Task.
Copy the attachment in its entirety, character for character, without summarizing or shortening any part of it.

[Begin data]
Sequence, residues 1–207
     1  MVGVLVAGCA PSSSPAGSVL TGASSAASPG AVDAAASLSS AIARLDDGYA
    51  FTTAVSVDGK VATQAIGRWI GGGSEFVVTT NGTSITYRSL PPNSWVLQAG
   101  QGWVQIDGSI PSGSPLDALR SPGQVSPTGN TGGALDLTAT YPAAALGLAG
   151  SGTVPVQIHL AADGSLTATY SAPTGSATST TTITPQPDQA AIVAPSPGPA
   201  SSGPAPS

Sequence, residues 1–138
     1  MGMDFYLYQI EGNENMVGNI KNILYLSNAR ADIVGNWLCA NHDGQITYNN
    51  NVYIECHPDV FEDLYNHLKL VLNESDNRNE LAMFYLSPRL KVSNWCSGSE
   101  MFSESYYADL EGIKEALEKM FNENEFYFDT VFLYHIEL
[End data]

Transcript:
Sequence, residues 1–207
     1  MVGVLVAGCA PSSSPAGSVL TGASSAASPG AVDAAASLSS AIARLDDGYA
    51  FTTAVSVDGK VATQAIGRWI GGGSEFVVTT NGTSITYRSL PPNSWVLQAG
   101  QGWVQIDGSI PSGSPLDALR SPGQVSPTGN TGGALDLTAT YPAAALGLAG
   151  SGTVPVQIHL AADGSLTATY SAPTGSATST TTITPQPDQA AIVAPSPGPA
   201  SSGPAPS

Sequence, residues 1–138
     1  MGMDFYLYQI EGNENMVGNI KNILYLSNAR ADIVGNWLCA NHDGQITYNN
    51  NVYIECHPDV FEDLYNHLKL VLNESDNRNE LAMFYLSPRL KVSNWCSGSE
   101  MFSESYYADL EGIKEALEKM FNENEFYFDT VFLYHIEL